Hedy Lamarr: How A Golden Age Movie Star’s Amateur Invention Paved The Way For Cellular Calling, Wi-Fi

Posted by on December 8th, 2011


A new biography about the remarkable life of film star and inventor Hedy Lamarr tells the story behind her idea that revolutionized the way we communicate today.

Lamarr became focused on defense innovation when a German U-Boat sank a ship of German refugees. Married to a munitions supplier to the Nazis before coming to America, she was well aware of the challenges associated with guiding torpedos to hit enemy targets using radio.

And so, the idea for how to create a more accurate signal that could not be interfered with was hatched.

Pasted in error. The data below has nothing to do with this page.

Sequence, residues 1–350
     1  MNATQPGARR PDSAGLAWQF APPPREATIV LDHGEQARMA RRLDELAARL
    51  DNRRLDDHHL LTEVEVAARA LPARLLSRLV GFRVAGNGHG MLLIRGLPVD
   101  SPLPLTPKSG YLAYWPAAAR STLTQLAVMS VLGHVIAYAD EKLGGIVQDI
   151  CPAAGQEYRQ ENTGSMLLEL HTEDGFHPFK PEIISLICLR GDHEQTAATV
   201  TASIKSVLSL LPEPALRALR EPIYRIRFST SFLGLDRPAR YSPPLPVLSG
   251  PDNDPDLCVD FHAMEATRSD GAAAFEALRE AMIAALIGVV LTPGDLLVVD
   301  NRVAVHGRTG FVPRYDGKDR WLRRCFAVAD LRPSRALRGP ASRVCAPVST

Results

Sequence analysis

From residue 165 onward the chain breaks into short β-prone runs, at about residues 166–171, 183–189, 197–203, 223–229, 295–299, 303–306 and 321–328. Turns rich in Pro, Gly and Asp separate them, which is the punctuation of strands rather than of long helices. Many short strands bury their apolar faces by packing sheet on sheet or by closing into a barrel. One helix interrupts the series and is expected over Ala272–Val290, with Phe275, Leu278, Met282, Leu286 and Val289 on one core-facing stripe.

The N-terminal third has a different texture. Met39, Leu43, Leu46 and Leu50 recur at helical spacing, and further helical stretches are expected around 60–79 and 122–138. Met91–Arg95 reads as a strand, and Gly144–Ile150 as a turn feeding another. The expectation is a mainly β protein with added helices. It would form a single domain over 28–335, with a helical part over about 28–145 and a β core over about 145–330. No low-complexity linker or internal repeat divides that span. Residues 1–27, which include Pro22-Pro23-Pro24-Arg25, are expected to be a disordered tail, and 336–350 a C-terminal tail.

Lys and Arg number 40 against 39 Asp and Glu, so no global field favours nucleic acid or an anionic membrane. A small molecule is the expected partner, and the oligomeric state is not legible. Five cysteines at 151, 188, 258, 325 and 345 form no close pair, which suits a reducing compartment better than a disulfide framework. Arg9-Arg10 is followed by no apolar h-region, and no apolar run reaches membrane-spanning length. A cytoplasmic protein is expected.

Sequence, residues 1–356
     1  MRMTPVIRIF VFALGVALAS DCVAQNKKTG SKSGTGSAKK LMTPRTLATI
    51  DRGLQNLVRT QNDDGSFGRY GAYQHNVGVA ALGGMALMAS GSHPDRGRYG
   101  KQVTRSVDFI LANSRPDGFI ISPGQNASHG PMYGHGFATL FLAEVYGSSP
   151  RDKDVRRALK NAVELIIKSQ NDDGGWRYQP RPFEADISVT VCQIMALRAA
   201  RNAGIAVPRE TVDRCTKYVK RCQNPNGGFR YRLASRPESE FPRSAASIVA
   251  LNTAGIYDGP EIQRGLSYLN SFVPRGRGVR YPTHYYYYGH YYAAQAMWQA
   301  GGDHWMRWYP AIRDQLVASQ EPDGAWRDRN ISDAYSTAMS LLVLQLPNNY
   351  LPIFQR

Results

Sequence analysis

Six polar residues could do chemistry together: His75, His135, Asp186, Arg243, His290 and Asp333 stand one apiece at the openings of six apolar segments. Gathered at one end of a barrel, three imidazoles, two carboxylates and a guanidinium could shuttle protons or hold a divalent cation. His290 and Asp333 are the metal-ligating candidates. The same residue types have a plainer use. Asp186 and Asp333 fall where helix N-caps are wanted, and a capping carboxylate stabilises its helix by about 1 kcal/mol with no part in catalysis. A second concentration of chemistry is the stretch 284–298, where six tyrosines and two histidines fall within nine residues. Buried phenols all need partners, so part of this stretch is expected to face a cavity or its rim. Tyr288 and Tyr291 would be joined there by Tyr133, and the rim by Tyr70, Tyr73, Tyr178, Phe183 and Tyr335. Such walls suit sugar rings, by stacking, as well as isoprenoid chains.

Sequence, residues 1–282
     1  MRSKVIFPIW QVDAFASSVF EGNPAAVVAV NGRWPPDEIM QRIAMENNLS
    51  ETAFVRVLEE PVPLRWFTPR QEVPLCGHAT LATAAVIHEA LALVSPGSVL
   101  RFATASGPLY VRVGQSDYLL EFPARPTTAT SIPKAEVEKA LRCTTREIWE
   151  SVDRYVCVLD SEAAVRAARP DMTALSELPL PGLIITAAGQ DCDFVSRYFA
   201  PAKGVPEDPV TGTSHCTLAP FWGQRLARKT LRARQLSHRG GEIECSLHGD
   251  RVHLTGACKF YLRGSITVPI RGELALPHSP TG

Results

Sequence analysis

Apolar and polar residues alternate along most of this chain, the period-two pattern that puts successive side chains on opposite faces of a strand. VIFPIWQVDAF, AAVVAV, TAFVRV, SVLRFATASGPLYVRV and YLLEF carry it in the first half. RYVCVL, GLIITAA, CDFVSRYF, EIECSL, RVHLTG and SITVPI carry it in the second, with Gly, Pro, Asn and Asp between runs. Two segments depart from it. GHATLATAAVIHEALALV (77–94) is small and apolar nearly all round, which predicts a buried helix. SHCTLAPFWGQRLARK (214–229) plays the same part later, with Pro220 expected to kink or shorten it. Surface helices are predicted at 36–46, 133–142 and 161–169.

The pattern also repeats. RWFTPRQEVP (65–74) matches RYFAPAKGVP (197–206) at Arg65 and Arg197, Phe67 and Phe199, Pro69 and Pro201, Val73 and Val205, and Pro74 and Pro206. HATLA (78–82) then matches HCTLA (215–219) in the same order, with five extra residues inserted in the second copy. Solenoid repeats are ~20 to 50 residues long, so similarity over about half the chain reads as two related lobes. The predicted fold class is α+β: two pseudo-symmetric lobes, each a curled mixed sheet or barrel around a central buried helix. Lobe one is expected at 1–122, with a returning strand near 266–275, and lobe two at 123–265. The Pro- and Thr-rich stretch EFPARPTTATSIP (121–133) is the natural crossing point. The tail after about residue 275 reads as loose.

Her insight was that you could protect wireless communication from jamming by varying the frequency at which radio signals were transmitted: if the channel was switched unpredictably, the enemy wouldn’t know which bands to block.

She later went on to develop the technology with fellow amateur inventor George Antheil. Although it was never utilized by the United States military for its intended purpose, the idea itself has become the bedrock for so many of our most cherished devices. Chiefly, Wi-Fi and cellular calling.

Hedy Lamarr = Awesome.

[New Scientist]

  • Anonymous

    That’s Hedley….